• “The guidelines differ across countries, because they are adapted to the nutrition situation in each country..." (Getty Images)Source: Getty Images
Surely a tiny cup of coffee and a sneaky nibble of cheese is okay once in a while, right? Here's what Australian evidence actually says.
Megan Blandford

26 Jun 2017 - 3:08 PM  UPDATED 26 Jun 2017 - 3:17 PM

People love to dish out advice to pregnant women. And there is nothing people would rather share their opinions on than what a woman should eat while pregnant.

The trouble is, all pregnant women are trying their best, but it can be pretty confusing to work out what you ‘should’ and ‘shouldn’t’ eat.

There are so many recommendations in place that aim to avoid food-related diseases, including listeria and toxoplasmosis, which could harm the foetus. The risks of eating these foods include miscarriage, stillbirth or premature labour.

“Your diet from the time you’re planning pregnancy, and then during pregnancy and while breastfeeding, can impact both the short and long term health of the baby,” explains Dr Lenka Malek, Research Fellow in the University of Adelaide’s Centre for Global Food and Resource. “If your diet is poor during those times, there’s a chance the baby might develop chronic diseases later in life such as obesity and type 2 diabetes.”

The dietary requirements during pregnancy are a little different to at other times of your life. “Your grain requirements increase by two-and-a-half serves (one serve equals one slice of bread or half a medium-sized roll), and you need an extra serve from the ‘lean meat, poultry, eggs, nuts and seeds’ food group for more protein and iron,” says Malek.

How do pregnancy nutritional guidelines vary internationally?

International guidelines vary quite largely; in Japan, all fish – including sushi and varieties with higher mercury levels – is considered safe during pregnancy, and in some European countries such as France and Finland women aren’t told to cut out all alcohol. The latest advice from Finland suggests liquorice is best avoided, as it may decrease the child’s IQ.

“The guidelines differ across countries, because they are adapted to the nutrition situation in each country – some countries are at risk of certain nutrient deficiencies – as well as food availability and food cultures,” says Malek.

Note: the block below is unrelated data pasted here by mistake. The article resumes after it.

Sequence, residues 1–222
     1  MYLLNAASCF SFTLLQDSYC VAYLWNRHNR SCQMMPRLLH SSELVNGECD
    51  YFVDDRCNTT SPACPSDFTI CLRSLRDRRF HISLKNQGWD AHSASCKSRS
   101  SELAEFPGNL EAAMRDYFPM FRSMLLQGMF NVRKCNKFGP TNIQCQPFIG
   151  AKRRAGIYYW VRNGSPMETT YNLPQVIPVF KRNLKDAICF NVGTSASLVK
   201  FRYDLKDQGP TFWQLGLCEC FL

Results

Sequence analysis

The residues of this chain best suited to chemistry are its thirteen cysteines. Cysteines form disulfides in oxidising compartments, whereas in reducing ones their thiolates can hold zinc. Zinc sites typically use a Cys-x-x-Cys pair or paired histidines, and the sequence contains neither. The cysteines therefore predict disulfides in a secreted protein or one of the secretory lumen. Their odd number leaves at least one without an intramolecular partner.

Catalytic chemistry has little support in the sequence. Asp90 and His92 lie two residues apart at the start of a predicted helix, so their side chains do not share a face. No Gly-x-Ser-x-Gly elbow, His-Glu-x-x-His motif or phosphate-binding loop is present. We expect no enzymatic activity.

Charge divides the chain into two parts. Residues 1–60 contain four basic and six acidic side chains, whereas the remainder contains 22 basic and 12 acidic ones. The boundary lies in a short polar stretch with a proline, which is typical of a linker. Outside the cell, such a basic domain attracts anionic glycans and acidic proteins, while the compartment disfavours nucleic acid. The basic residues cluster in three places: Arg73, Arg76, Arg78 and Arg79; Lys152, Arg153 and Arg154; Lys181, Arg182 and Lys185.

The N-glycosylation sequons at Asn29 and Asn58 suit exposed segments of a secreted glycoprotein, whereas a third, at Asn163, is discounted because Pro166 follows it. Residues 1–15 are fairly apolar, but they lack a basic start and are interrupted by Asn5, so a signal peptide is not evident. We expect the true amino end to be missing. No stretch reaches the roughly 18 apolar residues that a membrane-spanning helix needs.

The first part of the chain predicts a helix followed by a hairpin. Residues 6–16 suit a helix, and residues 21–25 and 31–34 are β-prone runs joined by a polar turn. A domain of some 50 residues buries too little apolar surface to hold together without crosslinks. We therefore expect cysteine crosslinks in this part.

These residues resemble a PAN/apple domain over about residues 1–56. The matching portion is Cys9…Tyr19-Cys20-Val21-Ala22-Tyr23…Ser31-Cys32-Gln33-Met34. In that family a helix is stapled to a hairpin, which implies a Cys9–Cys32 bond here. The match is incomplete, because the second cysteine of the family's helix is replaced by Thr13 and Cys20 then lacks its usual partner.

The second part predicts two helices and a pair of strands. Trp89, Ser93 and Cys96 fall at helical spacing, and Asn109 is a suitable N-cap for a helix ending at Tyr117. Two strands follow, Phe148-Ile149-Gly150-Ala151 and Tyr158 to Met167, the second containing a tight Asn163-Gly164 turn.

Such cultural considerations can be hard facts or simply advice passed from generation to generation. For example, in Japan it’s said that spicy foods during pregnancy will give the baby a short temper, and some Chinese people believe eating crab could make the baby mischievous.

The Australian pregnancy nutrition guidelines

According to research from University of Wollongong,65 per cent of pregnant women in Australia aren’t aware of the dietary guidelines, and this figure is mostly made up of women of lower incomes and whose first language isn’t English.

There’s also a gap between what we believe to be a healthy diet and actually eating the foods that are recommended.

“During my PhD, I did a survey of over 850 women around Australia and about 60 per cent believed they were eating a healthy diet during pregnancy,” says Malek. “But then when I looked at their actual food intake and compared it with the national dietary guidelines, none of the women were meeting the recommendations for all five core food groups.”

It’s important to seek out the right information. Australian guidelines suggest avoiding the following while trying to conceive and during pregnancy: 

- Alcohol

- Large amounts of caffeine (up to three cups of coffee is considered safe)

- Liver, due to its high amount of vitamin A

- Fish that’s high in mercury, such as flake, broadbill, marlin, orange roughy, catfish and swordfish

- Cold meats and salads, unless they have been freshly and safely prepared

- Soft cheeses, like brie, camembert, ricotta, feta and blue cheese

- Soft-serve ice cream

- Uncooked, pre-cooked or smoked seafood

- Raw eggs

For more information, see the Australian guide to healthy eating during pregnancy.

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